Back in 2021, Ford announced that it was teaming up with Redwood Materials to create a battery recycling and domestic battery supply chain for electric vehicles. Just a few months later, The Blue Oval began shipping hybrid and EV batteries to Redwood to kick off those efforts, and since then, that same company has announced plans to build a new battery recycling plant in Nevada and erect a campus in South Carolina. Fresh off receiving a $2 billion dollar loan from the Department of Energy, Redwood Materials recently announced that it has collected 1,268 lithium-ion and nickel metal hydride (NiMH) vehicle batteries thus far, but that’s only the beginning of what figures to be a rapid expansion following another $1 billion infusion from investors last month. Now, the company has announced that it has officially entered the European market, too.
In that quickly-growing EV market, Redwood Materials has fast-tracked its presence there by acquiring Redux Recycling GmbH, the region’s leading lithium-ion battery recycler, which has a facility located in Bremerhaven, Germany. There, it was already capable of processing 10,000 tons of battery materials, and the building is located near Bremerhaven Port – one of the largest import harbors for vehicles, which will allow Redwood to transport, recycle, and refine EV batteries from all across the continent.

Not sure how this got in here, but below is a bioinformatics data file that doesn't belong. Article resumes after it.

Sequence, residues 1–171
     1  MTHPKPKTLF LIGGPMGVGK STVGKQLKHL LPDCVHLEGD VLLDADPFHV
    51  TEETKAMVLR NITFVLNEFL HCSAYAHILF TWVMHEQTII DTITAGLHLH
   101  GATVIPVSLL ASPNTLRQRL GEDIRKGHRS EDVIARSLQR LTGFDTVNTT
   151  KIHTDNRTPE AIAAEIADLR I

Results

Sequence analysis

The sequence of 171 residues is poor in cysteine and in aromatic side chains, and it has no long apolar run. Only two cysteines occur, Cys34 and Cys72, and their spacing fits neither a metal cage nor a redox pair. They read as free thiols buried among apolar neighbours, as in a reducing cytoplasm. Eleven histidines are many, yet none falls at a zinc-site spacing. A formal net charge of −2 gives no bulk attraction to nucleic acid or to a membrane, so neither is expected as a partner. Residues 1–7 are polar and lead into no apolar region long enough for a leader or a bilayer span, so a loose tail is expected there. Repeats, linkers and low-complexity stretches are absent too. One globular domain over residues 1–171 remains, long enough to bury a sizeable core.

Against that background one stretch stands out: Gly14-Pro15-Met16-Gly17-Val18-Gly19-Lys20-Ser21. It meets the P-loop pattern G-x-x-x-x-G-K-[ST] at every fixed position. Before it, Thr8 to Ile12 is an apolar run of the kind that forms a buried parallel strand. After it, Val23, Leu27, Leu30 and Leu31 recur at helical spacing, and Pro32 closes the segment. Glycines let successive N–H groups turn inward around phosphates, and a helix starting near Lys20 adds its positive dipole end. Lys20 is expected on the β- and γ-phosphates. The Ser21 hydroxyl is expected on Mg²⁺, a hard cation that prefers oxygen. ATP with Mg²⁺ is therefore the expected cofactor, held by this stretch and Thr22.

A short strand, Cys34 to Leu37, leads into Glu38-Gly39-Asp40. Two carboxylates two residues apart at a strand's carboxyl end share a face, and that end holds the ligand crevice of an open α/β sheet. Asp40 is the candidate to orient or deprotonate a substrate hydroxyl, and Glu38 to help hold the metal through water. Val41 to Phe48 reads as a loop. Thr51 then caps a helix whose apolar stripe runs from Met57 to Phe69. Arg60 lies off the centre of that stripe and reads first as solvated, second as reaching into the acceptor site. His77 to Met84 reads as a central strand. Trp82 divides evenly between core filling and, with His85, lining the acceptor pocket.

As part of this acquisition, Redwood is also welcoming a group of 70 chemical engineers, metallurgists, and material scientists to its European team, who are already able to recycle not only EV batteries, but also those used in E-bikes, stationary storage systems, cell phones, laptops, and power drills.
Another benefit of this relationship is that the two companies can combine their expertise in this area as well. Redwood is already able to utilize advanced material recovery processes such as hydrometallurgy, which complement Redux’s pre-treatment and mechanical separation capabilities, as well as its proprietary technology that enables it to extract valuable materials from batteries, including cobalt, lithium, nickel, and manganese with a recovery rate of more than 95 percent.